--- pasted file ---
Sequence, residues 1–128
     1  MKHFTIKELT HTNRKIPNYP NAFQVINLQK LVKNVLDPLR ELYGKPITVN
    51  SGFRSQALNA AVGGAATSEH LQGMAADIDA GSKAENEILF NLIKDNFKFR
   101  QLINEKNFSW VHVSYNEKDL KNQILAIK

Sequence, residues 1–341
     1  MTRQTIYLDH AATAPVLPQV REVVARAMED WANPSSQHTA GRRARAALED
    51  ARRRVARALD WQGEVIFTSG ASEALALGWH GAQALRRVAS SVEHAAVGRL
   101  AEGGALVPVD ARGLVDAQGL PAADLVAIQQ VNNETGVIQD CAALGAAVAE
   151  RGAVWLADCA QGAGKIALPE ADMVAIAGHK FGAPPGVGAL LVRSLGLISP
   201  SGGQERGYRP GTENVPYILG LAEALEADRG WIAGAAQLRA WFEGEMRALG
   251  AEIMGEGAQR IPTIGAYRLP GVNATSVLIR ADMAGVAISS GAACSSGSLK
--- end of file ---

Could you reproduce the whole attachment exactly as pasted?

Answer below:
Sequence, residues 1–128
     1  MKHFTIKELT HTNRKIPNYP NAFQVINLQK LVKNVLDPLR ELYGKPITVN
    51  SGFRSQALNA AVGGAATSEH LQGMAADIDA GSKAENEILF NLIKDNFKFR
   101  QLINEKNFSW VHVSYNEKDL KNQILAIK

Sequence, residues 1–341
     1  MTRQTIYLDH AATAPVLPQV REVVARAMED WANPSSQHTA GRRARAALED
    51  ARRRVARALD WQGEVIFTSG ASEALALGWH GAQALRRVAS SVEHAAVGRL
   101  AEGGALVPVD ARGLVDAQGL PAADLVAIQQ VNNETGVIQD CAALGAAVAE
   151  RGAVWLADCA QGAGKIALPE ADMVAIAGHK FGAPPGVGAL LVRSLGLISP
   201  SGGQERGYRP GTENVPYILG LAEALEADRG WIAGAAQLRA WFEGEMRALG
   251  AEIMGEGAQR IPTIGAYRLP GVNATSVLIR ADMAGVAISS GAACSSGSLK